This is an excerpt from a devotional that was originally posted on April 16, 2014.

As I sat down to write this, I got a message from David, one of my dearest friends in Uganda. He currently works for a non-profit organization helping raise scholarships to send kids to school and mentoring them as they continue their education. We talk as often as we can about our families and everything going on in our lives.

In our discussions about life, he’s talked about potentially having to seek out a new job rather than continuing his current work, because it just doesn’t pay enough to support his needs. I am literally sitting here, texting with him about this right now as I type this devotional, and all I can think about is how selfish I really am.

Earlier today, I was speaking with a co-worker about how I wasn’t sure how long I could stay in the gig I’m currently in. I explained the financial burdens of my bills, which are due mostly to my own materialistic car choice a couple years back and my flamboyant spending last year, when I was making double what I’m making now. About four months ago, I was on my back on my parents’ couch, unable to work at all. Now, here I am, so blessed that God has restored my physical health to a place that enables me to get up and go to a job every day — a job with a company I happen to really love. Yet here I stand, wanting more. More money. More hours at work. More of a title. More things for my new house. Why is that?

The answer is that it’s our human nature to want more. In Genesis, God had given Adam and Eve the earth as their playground. All they had to do was enjoy it and enjoy him. But when Satan convinced them that God was depriving them of something, they wanted that something more. Suddenly Adam and Eve saw God in a new way. Instead of seeing him as the giver of all things good, they saw him as a powerful God who was keeping them from something they believed to be great.

As I’ve been thinking about stewardship, I’ve realized how incredibly selfish I am with my money. I justify it by claiming that I don’t have much, so I need to cling to it tightly. But clinging tightly is not godly wisdom. It certainly isn’t what Jesus asks us to do with our money or our resources. But, for some reason, we naturally tend to go into squirrel mode. When winter is approaching, and we anticipate a lack of provision, we start collecting our acorns. We work hard to track them down. We hide them, bury them and keep them close, so that in our time of need, we won’t be left wanting.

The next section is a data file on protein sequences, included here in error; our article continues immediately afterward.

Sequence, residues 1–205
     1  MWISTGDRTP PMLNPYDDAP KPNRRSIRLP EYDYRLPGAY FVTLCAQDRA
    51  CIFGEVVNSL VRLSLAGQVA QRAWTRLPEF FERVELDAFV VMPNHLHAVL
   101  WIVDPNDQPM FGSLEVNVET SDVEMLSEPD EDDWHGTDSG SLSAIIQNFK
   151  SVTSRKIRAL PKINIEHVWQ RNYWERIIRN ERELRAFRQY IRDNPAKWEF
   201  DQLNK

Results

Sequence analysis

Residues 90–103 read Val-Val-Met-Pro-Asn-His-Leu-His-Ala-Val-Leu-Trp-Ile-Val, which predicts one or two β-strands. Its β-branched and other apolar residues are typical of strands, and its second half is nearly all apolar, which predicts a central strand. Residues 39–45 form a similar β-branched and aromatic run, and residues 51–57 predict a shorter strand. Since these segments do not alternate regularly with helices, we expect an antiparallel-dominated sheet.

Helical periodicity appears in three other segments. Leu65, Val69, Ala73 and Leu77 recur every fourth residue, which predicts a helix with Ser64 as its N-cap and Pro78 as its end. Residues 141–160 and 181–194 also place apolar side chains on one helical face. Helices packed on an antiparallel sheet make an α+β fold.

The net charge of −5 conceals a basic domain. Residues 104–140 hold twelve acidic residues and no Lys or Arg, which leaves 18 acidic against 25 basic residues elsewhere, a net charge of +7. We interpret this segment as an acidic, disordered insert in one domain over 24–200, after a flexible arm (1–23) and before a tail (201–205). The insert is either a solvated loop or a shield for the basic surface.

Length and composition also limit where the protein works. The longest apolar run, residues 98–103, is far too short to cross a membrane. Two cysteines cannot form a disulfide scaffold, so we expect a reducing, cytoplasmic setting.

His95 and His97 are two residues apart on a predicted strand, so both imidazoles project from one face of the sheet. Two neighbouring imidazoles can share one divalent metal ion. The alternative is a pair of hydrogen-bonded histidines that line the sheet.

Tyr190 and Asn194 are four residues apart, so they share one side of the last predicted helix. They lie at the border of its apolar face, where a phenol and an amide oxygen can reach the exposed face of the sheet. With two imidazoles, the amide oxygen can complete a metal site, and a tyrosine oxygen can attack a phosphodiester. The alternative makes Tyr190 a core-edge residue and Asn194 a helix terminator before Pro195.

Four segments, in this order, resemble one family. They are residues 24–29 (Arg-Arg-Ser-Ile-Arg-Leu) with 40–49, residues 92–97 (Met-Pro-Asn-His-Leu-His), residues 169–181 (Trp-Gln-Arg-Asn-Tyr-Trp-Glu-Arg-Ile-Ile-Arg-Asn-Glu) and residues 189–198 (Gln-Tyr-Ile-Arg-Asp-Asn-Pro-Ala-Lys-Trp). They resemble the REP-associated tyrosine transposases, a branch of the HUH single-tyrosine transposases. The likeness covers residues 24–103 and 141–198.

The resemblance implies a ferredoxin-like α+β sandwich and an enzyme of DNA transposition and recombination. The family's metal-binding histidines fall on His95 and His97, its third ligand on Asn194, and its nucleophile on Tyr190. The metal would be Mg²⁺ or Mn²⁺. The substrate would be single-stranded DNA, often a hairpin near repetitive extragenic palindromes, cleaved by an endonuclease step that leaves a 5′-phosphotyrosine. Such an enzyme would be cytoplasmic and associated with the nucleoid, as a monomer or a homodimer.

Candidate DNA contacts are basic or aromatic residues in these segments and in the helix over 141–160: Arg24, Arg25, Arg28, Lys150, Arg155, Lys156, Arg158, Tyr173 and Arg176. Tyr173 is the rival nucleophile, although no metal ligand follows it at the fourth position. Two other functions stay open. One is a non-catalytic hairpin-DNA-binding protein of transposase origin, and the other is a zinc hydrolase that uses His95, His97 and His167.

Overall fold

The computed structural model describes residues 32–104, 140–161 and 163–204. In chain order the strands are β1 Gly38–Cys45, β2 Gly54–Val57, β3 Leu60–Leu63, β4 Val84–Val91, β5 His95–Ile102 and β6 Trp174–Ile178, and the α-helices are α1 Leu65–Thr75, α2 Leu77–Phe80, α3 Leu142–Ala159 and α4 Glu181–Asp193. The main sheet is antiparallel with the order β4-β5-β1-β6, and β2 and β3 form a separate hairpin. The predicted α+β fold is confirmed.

Of course, the more we gather up, the more we continue to want. There never seem to be enough acorns. Never enough money in the piggy bank (or as adults like to call it, the savings account, retirement fund or 401-k). There’s never enough food in the pantry, never a car that’s quite reliable enough, never enough clothes in our closet for all of the work functions we attend or people we need to impress, never a big enough house, or good enough furniture, or cute enough decor. There never seems to be enough money for vacations, or to take care of family, or to pay medical bills or college loans. In the gatherer’s world, there’s just never enough.

What if I stopped gathering and started holding things more loosely?

I don’t want to cling tightly to a job, a boyfriend, a friendship, a house, a car, money, material possessions, or habits. I want to feel like I’d be willing to let go of anything if it meant being in a closer, more dependent relationship with my Savior and Provider. I want to hold everything so loosely that I can recognize it’s only in my hand because God put it there, not because I’m strong enough to have taken hold of it myself, and certainly not because I’m cunning enough to grip it so tightly that it will never be taken from me.

“And he who had received the five talents came forward, bringing five talents more, saying, ‘Master, you delivered to me five talents; here, I have made five talents more.’ His master said to him, ‘Well done, good and faithful servant. You have been faithful over a little; I will set you over much. Enter into the joy of your master.’”
— Matthew 25:20-21

The absolute best part about holding things loosely, loosening our grip on our own lives and resources, is that we get to experience the joy of our master. As I struggle with what it means to be a good steward of the things God has entrusted to me, and as I consider with a heavy heart what money might need to be shifted around, or what habits I might need to give up, or what God is calling me to do, I strive so desperately to enter into that great joy. The joy of pleasing my master, the joy of being in his presence, the joy of knowing that my father trusted me with something and that I made him proud with what I did with it. The joy of knowing I can trust him completely to take care of me, and that I don’t have to hunt and gather for myself. He alone can provide, and he loves me enough that he’s going to.

Think about what God has entrusted you with and how he might have you use it. Strive to enter into that joyful, intimate, trusting relationship with your perfect, giving, loving, and fulfilling provider.